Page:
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Several migrants from Europe have drowned on the Libyan coast: UN Migration News

According to the IOM, “the constant loss of life requires an urgent change in the situation in Libya and the Central Media.”

At least 11 people drowned when a rubber boat carrying two dozen migrants bound for Europe fell from Libya, the UN migration agency said.

The International Organization for Migration (IOM) said the tragedy occurred on Sunday in the western town of Zawiya. Libyan coastguards saved the lives of 12 migrants, he said in a Twitter message.

“The constant loss of life requires an urgent change to the situation in Libya and the Central Med,” the IOM tweeted.

These migrants were expected to be taken to a detention center.

Sunday’s deadly shipwreck was the latest in a migration route to the Central Mediterranean. Last month, at least 130 people were allegedly killed after the ship left Libya in one of the deadliest maritime tragedies during a busy voyage.

Libya fell into chaos after Muammar Gaddafi was ousted and killed in the aftermath of the 2011 uprising.

In the years following the uprising, Libya has become a major transit point for people heading to Europe.

Since 2014, more than 20,000 immigrants and refugees have been killed at sea trying to reach Europe from Africa.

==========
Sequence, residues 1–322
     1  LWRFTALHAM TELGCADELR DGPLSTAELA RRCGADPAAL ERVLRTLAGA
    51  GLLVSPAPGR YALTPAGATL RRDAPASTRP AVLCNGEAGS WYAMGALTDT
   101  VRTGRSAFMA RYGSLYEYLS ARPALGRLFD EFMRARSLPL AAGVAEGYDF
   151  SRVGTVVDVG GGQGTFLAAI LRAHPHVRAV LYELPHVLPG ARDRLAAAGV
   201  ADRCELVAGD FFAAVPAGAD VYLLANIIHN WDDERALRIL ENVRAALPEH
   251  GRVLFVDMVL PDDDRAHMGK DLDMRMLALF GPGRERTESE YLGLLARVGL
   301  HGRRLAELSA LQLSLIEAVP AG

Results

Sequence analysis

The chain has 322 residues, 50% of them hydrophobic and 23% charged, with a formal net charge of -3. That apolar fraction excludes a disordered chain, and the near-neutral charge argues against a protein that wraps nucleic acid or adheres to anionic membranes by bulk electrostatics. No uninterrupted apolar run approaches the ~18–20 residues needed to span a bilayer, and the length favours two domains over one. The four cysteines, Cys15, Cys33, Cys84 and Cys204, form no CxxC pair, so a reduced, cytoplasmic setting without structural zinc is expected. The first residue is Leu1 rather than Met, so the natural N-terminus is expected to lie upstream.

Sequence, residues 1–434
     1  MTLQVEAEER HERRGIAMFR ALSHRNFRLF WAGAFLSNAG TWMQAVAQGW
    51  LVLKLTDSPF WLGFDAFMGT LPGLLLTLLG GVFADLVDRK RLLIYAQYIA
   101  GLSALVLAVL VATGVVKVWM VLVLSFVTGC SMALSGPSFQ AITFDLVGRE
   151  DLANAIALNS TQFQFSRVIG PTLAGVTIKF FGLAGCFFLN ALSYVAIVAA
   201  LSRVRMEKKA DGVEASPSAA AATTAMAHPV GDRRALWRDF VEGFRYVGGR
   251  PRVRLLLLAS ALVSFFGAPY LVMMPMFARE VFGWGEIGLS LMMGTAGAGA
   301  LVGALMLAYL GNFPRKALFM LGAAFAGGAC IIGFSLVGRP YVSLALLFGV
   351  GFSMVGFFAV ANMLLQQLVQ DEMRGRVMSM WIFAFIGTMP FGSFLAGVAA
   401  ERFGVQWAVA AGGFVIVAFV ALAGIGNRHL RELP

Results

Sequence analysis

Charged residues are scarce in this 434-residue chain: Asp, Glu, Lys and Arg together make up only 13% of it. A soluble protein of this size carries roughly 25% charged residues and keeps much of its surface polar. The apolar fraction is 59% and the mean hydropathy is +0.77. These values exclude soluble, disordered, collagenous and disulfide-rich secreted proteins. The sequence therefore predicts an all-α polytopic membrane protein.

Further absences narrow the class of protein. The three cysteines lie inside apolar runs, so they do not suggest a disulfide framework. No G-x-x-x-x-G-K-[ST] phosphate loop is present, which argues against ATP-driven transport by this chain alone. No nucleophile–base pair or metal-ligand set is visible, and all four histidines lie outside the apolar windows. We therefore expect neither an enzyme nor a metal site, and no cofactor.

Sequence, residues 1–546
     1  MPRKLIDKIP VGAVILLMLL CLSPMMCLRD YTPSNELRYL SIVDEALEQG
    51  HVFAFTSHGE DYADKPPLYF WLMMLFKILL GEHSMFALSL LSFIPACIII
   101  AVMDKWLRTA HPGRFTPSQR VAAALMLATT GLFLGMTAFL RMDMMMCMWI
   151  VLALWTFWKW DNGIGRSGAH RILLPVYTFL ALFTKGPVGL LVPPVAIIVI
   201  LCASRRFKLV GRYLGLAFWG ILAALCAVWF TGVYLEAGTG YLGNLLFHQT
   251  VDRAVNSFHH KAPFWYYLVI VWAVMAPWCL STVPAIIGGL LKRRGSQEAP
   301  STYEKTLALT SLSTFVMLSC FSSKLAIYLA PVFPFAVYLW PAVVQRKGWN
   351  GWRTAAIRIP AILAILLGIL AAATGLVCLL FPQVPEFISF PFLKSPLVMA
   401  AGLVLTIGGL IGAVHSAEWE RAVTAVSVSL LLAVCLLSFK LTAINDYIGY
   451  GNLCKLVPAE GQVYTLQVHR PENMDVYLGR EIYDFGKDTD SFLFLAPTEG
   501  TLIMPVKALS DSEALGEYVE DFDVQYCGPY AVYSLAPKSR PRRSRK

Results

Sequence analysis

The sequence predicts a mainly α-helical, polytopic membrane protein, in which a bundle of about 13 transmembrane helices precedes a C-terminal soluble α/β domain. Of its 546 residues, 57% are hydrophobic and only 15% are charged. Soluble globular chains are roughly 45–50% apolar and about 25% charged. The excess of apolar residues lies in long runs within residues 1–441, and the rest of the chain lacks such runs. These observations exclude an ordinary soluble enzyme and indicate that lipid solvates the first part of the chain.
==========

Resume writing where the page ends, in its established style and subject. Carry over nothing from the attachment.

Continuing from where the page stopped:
More than 17,000 of them have been in the Central Mediterranean, the UN said is the most dangerous migration route in the world.

There have been cross-country and cross-border attempts in Libya in recent weeks. According to OOM data, about 7,000 European migrants have been apprehended this year and returned to Libya this year.

Smugglers often give up on poorly equipped rubber boats for families who stop and stop on a dangerous journey in the Central Mediterranean.

Thousands of people drowned along the way. Others were arrested and returned to Libya in the hands of armed groups or confined in dirty detention centers.

Human rights groups and UN agencies have complained that Libyan detention centers are being abused by people, saying they have been beaten, raped and given enough rations.

The European Union has reportedly spent more than 90 million euros ($ 109 million) on funding and training Libyan coastguards to stop the crossings.

An Associated Press study revealed that the EU sent more than 327.9 million euros ($ 397.9 million) to Libya, largely through UN agencies.

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